Writing the Second Novel04:04
I’m torn. Having recently completed (for now?!) my first novel, I’m scrounging around for another story. I have ideas, lots of them. One is about a guy who gets kidnapped in the Amazon. I’d also like to write a heist story. Or maybe something political and environmental—like about an evil mining or petroleum company that gets their comeuppance after stepping on the little guys for too long. Perhaps another family story—like my last one—only this time instead of making about fathers and sons, it’ll be about a pair of brothers who come together after a lifetime of being at loggerheads.
I got it! The story will be about a guy who tries to free his brother, who works for an oil company, from kidnappers who are holding him to get the company to stop drilling in the rainforest, only the whole thing is a ruse to swindle a fortune in ransom money from the aforementioned multi-national by the brothers, who are in on it together with the kidnappers?
Right…so maybe I need to think about it more. But for how long? And when do I know that I’m ready? That my idea is good enough to begin writing?
For my last manuscript, I started with the following notion: A guy goes back to his hometown after a long time away and finds trouble upon his return. I didn’t have a clue, frankly, about what I needed to do to get the story to the finish line. I knew only that I wanted to write a fictional account based loosely on the town where I grew up. I had no plot and one undefined character. But I was sure this was what I wanted to write so I sat down and started writing.
The result: a mess of a first draft. I managed to come up with a plot and a cast of characters, but both were riddled with holes. I wrote a second draft and didn’t really improve the plot, only the writing. Upon confirmation of this from just about everyone who read it, I put the manuscript away for almost a year. I didn’t start it again until I had a meticulous outline that addressed the myriad flaws in the work.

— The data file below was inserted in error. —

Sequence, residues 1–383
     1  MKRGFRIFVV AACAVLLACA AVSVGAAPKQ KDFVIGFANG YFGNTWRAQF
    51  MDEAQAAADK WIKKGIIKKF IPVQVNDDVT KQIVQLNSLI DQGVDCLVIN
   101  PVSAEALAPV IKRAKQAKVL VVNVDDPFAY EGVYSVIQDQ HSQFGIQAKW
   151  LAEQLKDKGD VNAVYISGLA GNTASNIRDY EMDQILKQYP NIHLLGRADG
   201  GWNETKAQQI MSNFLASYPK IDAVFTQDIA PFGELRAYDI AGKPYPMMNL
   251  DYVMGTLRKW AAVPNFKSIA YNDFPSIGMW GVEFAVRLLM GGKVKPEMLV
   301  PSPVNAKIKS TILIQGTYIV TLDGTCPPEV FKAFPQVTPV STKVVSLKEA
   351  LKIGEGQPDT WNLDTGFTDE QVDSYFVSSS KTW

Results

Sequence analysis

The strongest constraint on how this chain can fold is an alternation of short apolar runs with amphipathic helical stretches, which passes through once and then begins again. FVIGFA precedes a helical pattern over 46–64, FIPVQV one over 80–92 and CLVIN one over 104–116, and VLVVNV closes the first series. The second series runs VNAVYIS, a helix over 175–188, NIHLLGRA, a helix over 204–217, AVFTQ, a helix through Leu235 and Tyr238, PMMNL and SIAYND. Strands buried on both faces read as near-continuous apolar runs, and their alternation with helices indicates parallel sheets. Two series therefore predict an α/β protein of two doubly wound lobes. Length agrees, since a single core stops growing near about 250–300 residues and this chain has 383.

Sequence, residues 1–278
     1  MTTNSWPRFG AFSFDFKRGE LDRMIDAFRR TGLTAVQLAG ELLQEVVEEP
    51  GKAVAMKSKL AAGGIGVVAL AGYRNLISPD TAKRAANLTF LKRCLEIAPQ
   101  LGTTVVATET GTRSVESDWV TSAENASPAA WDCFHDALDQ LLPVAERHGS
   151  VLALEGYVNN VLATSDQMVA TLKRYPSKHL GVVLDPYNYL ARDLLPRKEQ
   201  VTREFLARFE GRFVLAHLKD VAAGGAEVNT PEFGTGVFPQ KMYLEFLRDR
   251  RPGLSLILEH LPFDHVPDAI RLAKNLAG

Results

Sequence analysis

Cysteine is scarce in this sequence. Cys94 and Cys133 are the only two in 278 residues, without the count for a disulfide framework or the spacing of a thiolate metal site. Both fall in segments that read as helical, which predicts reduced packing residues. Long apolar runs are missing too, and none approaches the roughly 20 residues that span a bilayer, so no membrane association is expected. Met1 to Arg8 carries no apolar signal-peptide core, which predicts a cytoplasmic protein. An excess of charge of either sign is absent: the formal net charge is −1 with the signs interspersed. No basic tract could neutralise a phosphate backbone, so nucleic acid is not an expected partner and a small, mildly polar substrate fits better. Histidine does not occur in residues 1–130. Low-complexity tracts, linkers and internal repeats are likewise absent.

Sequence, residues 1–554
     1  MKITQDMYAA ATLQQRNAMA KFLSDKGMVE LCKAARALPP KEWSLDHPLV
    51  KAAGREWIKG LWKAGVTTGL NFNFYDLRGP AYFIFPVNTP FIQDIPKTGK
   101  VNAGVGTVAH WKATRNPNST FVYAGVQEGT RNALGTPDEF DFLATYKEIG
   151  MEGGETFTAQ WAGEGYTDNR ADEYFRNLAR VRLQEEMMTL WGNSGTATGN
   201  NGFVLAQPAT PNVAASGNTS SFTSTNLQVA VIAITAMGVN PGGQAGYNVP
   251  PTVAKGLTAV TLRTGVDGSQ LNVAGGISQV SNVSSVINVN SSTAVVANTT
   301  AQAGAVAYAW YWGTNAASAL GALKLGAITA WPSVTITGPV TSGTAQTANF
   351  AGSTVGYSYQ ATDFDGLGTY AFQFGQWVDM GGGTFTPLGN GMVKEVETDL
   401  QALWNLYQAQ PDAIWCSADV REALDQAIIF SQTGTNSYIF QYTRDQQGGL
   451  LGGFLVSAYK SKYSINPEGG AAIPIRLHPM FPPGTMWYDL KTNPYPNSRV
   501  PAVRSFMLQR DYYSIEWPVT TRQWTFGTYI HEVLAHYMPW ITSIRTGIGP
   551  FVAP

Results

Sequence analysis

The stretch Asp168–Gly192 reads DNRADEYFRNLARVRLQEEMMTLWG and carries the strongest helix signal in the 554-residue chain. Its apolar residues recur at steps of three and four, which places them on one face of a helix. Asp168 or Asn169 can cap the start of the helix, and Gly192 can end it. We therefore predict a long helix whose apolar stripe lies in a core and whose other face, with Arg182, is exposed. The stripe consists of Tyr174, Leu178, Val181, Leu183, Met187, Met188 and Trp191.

This time I think I’m going to have a better sense of the story, the characters, the setting, the pacing, etc. before I begin. I’m hoping that I won’t have to write as many drafts this time (though I will, if necessary). I feel like I’m better prepared to execute my next manuscript—if I only had a more concrete idea of what it would be about. Which tempts me to proceed as I did last time, by picking an idea based on a single sentence and plowing forward to let the story find itself? It worked for me once (I hope), but I wonder if the process needs to be so arduous. I’m thinking maybe I should settle on my idea, research it like crazy, let it change and evolve in my mind and then write a hugely detailed outline before I even think about putting fingers to keyboard.
Honestly, I’m not sure. I need your help.
The question(s): What’s your process for getting from idea to execution? Do you let the story tell itself, plan every detail before you begin, or somewhere in between?